That says a lot. But is speaker quality really determined by their wattage?
Watts are not a measure of loudness, hearing quality, or clarity. Power and loudness are not the same.
The sound quality and the loudness rely on many specific conditions, even more influential than just the power defined in WATTS. Therefore, although the sound will be louder, it won’t have the clarity to be audible and pleasant.
What do you want to get, sound or noise? Clear, crisp, and enjoyable sounds will sometimes be annoying and stressful at the same wattage.
That being said, if you still want to know what the wattage the phones today carry, I managed to dig up numbers for the popular models.
The wattage of phone speakers ranges between 1.5 W for a bit older models and 3 W in newer and higher-end models.
|Samsung Galaxy S22||3 W|
|iPhone 14||3 W|
|Samsung Galaxy S21||2.2 W|
|iPhone 13||1.5 W|
|Xiaomi Poco X5 Pro||2.4 W|
|OnePlus 11||2.8 W|
|Apple iPhone 14 Pro Max||3 W|
|iPhone 12||1.5 W|
|Samsung Galaxy A53 5G||2.2 W|
|Google Pixel 5||1.5 W|
|Samsung Galaxy S20||2 W|
How about decibels?
The decibel ratings depend on a number of factors, like the size and quality of the speaker, the placement of the speaker within the device, and the materials used.
In general, the decibel levels produced by smartphone speakers range from around 85 dB to 93 dB, depending on the specific model (newer models – more decibels) and the conditions under which the sound is being produced.
As many factors are included, here we need to do an estimation. Here’s a table of some popular smartphones, along with an estimated decibel output:
|Smartphone||Estimated Speaker Decibel Output|
|Samsung Galaxy S23 Ultra||90-92 dB|
|Xiaomi Poco X5 Pro||88-90 dB|
|Samsung Galaxy S23||89-91 dB|
|iPhone 13||88-89 dB|
|OnePlus 11||88-90 dB|
|Apple iPhone 14 Pro Max||91 – 93 dB|
|Samsung Galaxy A53 5G||87-89 dB|
|Google Pixel 5||86-88 dB|
|Samsung Galaxy S20||88 – 90 dB|
Drivers in Phone Speakers vs. Regular
First, an explanation. a SPEAKER refers to a device that was developed to play audio. That includes the whole box and everything in it.
A DRIVER is an individual component that creates sound. It is a part of the speaker – a transducer that converts electrical energy to sound.
For one thing, traditional 2-way speakers are exactly that: two ways.
What that means is that most speakers you encounter in the world that are even designed to sound halfway good (such as in a movie theater or ones you might buy from Amazon) have at least two drivers:
- One that handles low frequencies
- One that handles high frequencies.
A device called a crossover determines at what point one stops and the other starts (this is actually a gradual process, happening over a few octaves).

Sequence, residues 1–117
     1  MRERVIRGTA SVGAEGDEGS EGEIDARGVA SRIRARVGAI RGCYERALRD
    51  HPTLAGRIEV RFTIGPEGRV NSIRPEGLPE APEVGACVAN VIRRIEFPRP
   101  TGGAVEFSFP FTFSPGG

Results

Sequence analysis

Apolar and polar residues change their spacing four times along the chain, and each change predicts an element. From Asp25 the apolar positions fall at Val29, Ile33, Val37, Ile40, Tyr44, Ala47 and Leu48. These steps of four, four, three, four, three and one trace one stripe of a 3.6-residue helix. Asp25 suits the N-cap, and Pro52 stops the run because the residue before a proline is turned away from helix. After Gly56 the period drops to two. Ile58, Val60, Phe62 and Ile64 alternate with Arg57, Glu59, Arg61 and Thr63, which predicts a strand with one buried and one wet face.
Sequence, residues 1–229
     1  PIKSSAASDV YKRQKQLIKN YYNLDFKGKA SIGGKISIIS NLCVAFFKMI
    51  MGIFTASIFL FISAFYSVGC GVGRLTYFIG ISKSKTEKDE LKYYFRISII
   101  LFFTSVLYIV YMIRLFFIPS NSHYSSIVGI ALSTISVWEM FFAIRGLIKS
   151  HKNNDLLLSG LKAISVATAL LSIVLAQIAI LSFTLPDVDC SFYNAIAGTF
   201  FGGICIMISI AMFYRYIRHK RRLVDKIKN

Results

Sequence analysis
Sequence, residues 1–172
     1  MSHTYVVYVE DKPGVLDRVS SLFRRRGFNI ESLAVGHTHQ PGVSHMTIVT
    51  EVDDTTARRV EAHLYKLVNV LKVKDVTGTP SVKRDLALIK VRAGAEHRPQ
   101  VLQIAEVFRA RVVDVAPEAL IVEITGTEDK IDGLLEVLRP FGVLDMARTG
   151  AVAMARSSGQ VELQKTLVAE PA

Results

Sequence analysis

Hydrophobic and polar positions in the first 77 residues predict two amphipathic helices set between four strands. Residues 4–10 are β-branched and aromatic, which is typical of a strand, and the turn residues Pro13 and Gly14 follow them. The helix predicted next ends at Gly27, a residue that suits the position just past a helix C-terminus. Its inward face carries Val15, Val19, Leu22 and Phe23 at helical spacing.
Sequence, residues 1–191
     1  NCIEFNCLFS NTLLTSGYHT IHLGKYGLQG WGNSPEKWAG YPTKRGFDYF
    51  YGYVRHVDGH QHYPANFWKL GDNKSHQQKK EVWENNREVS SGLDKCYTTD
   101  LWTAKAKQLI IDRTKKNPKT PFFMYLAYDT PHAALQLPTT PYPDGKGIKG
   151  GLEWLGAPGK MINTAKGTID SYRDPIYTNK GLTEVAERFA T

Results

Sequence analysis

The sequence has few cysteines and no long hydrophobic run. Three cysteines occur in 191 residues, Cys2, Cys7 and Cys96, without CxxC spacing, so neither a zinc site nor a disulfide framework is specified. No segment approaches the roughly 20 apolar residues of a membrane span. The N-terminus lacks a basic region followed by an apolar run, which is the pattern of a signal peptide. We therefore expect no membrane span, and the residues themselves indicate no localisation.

The advantage of this is that you can ‘tune’ a driver for its intended purpose.
A larger driver will be better for low frequencies but bad for high ones because it is hard and takes more energy to move a big thing quickly.
A smaller driver (like the one in the phone speaker) will be good at moving quickly because it’s small but not big enough to move the air to create a lower frequency.
Remember, to produce the sound of the human voice, you must move a driver back and forth between 1000 – 4000 times in one second.
This is an ideal range for a phone speaker.
So, the speaker in a phone which is mainly designed to reproduce the human voice, will be adjusted for these frequencies.
Yes, the speakers in a phone are primarily designed to make speakerphone work. A bonus these days for engineers is that everyone is happy jogging and listening to speakers the size of dimes.
No effort is required to make consumer electronics sound good.
You can think of music as needing a speaker to vibrate from 20 times in one second (reasonably slowly) to 20k times in one second (Really fast). That’s a much more extensive range!
It’s hard to make a single driver that can cover that range, so you employ two.
The trade-off to using a 2-way speaker is that you will experience some distortion around where the frequencies crossover, known as phase cancellation. Engineers of such systems employ plenty of electrical tricks to try and minimize this effect and some physical techniques.
Also, you could extend the range of a driver by porting the cabinet it’s in, which of course, causes comb filtering – another trade-off.
The speaker design is really complicated and very cool. Also, the amount of optimization in a modern phone is ridiculous.